• Discuss differences/things they’d forgotten with partner
  • Put article away and make very brief notes to summarise
  • Pairs decide who will say what
  • Present summary of article to me and other groups
  • Class discussion of differences, etc.

This was quite an enjoyable exercise and the groups found the summarising part a real challenge, which they all managed very well I have to say. It reminded me of the prepare and report stages of the TBL cycle, but alas I didn’t see much language or range issues to focus the class on. And so on we went.

My dog(me) ate it, honest!

The above led to a discussion of a recent problem the Costa Rican president’s husband had when he was stopped by traffic police without a licence.  From this, the class had a laugh about the farcical nature of this story and then told me that the first man’s (that term exists, right?) excuse was that he’s forgotten his licence. They then started talking about how stupid his excuse was and what excuses they’d have made. I noticed a distinct lack of any unreal conditionals here and, when used, errors such as using the so-called 2nd conditional where the 3rd would’ve been correct and form errors such as “I would making…”. Some language had emerged.

In groups, I asked them to prepare a list of excuses that the first man would have been better using. This they did and then we used some of these to move into a presentation stage, starting with the 3rd and then comparing it with the second. Their excuses were quite good fun, along the lines of “my dog ate it”, “a bird flew in and stole it” and other more Costa Rican examples such as “offer 10,000 Colones to the police”. The sentences we got for the presentation were along the lines of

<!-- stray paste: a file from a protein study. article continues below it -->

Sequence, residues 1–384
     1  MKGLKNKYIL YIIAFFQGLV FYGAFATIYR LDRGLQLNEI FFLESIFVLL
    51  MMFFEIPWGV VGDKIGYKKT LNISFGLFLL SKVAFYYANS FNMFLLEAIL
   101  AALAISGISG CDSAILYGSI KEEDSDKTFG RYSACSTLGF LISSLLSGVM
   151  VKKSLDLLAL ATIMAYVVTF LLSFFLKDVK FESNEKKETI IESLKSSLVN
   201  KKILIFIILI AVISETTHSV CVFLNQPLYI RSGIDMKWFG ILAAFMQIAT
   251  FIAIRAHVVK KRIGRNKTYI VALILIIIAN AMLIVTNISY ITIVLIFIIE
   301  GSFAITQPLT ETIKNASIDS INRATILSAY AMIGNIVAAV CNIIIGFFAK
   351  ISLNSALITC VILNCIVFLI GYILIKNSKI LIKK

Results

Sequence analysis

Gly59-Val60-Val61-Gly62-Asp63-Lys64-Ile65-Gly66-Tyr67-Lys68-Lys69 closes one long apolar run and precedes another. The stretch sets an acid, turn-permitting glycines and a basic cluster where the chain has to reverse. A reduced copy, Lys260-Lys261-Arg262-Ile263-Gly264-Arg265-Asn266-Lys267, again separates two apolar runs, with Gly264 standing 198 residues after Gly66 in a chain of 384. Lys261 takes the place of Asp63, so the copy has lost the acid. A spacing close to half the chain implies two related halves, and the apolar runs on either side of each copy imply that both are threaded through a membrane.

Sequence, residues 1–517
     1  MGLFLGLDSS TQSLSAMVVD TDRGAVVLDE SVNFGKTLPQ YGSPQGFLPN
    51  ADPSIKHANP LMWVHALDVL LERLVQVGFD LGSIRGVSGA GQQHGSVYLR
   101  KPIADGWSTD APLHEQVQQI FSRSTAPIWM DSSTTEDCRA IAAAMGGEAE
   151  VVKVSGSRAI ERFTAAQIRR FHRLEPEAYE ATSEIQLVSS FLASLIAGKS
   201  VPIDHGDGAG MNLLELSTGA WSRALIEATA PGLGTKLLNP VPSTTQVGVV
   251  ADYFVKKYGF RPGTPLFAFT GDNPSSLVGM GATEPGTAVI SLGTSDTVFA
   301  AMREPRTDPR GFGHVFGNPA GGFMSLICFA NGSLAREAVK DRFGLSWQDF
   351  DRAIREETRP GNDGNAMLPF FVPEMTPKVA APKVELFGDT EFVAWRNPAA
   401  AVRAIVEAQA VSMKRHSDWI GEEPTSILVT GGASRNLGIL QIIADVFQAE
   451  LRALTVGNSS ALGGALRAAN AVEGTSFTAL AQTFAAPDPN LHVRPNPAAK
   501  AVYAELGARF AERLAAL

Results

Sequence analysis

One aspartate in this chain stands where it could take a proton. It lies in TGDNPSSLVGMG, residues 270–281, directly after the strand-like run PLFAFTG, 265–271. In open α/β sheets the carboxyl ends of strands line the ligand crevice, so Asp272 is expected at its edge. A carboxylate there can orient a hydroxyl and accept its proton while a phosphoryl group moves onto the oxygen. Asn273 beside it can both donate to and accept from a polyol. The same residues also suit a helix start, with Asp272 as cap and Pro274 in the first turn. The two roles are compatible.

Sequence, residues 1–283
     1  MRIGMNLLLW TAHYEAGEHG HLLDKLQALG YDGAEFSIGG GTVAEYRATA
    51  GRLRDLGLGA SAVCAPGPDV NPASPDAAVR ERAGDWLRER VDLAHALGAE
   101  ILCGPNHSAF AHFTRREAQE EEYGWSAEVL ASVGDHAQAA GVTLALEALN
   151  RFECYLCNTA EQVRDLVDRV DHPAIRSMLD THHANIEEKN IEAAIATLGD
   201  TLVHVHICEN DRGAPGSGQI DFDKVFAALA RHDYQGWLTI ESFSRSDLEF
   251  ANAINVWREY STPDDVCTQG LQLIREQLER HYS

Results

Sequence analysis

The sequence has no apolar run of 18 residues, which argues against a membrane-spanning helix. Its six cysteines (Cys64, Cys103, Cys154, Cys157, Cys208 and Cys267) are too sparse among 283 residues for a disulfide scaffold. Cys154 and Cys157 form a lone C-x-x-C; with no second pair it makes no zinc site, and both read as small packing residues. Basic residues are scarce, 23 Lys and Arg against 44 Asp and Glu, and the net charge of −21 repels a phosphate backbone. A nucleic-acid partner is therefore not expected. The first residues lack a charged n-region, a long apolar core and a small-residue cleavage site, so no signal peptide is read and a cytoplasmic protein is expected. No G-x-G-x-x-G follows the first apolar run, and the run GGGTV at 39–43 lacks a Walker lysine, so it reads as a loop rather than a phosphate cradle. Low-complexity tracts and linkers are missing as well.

• If I had been in the car, I’d have said a bird flew in an stole my licence
  • If I had been driving without a licence, I’d have given the police 10,000 Colones
  • I’d have said that my dog ate the licence (if I had been in his position)

I present these quite lexically, drawing attention to patterns and highlighting just the past participle really. We also marked stress, drilled the sentences focusing on connected speech and of course I kept checking meaning throughout.

To practice this, they then had to go back to all their excuses (they had about 6 each) and write a sentence about each one using the new grammar and focusing on accuracy. These were then compared and discussed and relevant areas clarified/expanded upon.

But then, I lost my job